COLUMBIA, Mo. The face and brain develop in coordination, with each influencing the other, beginning in the embryo and continuing through adolescence. Now, University of Missouri researchers have found distinct differences between the facial characteristics of children with autism compared to those of typically developing children. This knowledge could help researchers understand the origins of autism.
"There is no clear answer about whether autism is caused by genetics or by environmental influences," said Kristina Aldridge, lead author and assistant professor of anatomy in the MU School of Medicine and the Thompson Center for Autism and Neurodevelopmental Disorders. "If we can identify when these facial changes occur, we could pinpoint when autism may begin to develop in a child. Knowing that point in time could lead us to identify a genetic cause, a window of time when the embryo may be susceptible to an environmental factor, or both."
Aldridge and colleagues found the following distinct differences between facial characteristics of children with autism and those of typically developing children:
She says these are subtle differences that will enable researchers to further study people with autism spectrum disorders.
Aldridge analyzed 64 boys with autism and 41 typically developing boys aged eight to 12 years old, using a camera system that captures a 3-D image of each child's head. Then, she mapped 17 points on the face, such as the corner of the eye and the divot in the upper lip. When Aldridge calculated the overall geometry of the face using these points, and compared children with autism and typically developing children, she found statistically significant differences in face shape.
Understanding that people with autism have statistically different facial characteristics enables researchers to focus on the underlying causes of autism, Aldridge said. Additionally, the study identified two groups of children with autism who show further distinct facial traits that occur in children with specific characteristics of autism, such as behavior problems, language level and repetitive behaviors. Identifying these subgroups within the group of children with autism allows better study of these children and why autism is so variable.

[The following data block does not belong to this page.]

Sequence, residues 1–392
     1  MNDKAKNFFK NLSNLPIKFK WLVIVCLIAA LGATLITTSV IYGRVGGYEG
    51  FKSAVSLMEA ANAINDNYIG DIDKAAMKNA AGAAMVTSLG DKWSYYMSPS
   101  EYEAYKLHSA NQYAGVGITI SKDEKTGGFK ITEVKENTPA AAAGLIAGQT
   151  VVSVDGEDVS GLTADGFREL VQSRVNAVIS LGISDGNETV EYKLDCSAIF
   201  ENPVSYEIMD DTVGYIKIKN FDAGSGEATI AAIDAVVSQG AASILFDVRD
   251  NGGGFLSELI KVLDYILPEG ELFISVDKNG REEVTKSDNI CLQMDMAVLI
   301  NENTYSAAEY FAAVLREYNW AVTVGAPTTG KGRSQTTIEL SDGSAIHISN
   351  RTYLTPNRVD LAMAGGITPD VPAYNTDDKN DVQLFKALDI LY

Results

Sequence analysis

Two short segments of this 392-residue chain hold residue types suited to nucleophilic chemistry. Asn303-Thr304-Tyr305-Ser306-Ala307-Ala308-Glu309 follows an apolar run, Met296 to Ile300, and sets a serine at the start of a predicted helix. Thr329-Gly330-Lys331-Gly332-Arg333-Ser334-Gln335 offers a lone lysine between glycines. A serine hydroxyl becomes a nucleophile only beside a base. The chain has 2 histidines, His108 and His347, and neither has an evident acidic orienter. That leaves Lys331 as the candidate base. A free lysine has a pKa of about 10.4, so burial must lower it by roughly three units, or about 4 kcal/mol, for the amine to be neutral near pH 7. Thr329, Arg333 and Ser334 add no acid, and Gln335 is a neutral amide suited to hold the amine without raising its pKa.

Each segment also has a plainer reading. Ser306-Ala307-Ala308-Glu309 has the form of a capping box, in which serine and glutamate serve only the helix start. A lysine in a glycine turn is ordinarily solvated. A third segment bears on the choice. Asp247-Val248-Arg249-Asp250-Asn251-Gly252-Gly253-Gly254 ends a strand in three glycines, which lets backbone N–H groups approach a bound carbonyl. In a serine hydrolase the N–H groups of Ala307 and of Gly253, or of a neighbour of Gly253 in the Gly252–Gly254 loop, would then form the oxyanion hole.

"This research would not be possible without the children and their families that participated," Aldridge said. "Their help is key to advancing research and helping us better understand autism, and how to develop better treatments. We are also indebted to the University of Missouri's Thompson Center for Autism and Neurodevelopmental Disorders for their support of this project and the care it provides for children with autism and their families in Missouri."
The study was published in Molecular Autism. Aldridge collaborated with Ian George, a graduate student in the School of Medicine; Kimberly Cole, a research technician at the School of Medicine; Jordan Austin, a senior in the College of Arts and Science; T. Nicole Takahashi, project director at the Thompson Center for Autism and Neurodevelopmental Disorders; Ye Duan, associate professor of computer science in the College of Engineering and the Thompson Center; Judith Miles, professor emerita in the School of Medicine and the Thompson Center. The entire team is affiliated with the Thompson Center. This research was supported by an Autism Spectrum Disorder Research Program grant, the Simons Foundation and the Thompson Center Research Scholar Funds.
|Contact: Christian Basi|
University of Missouri-Columbia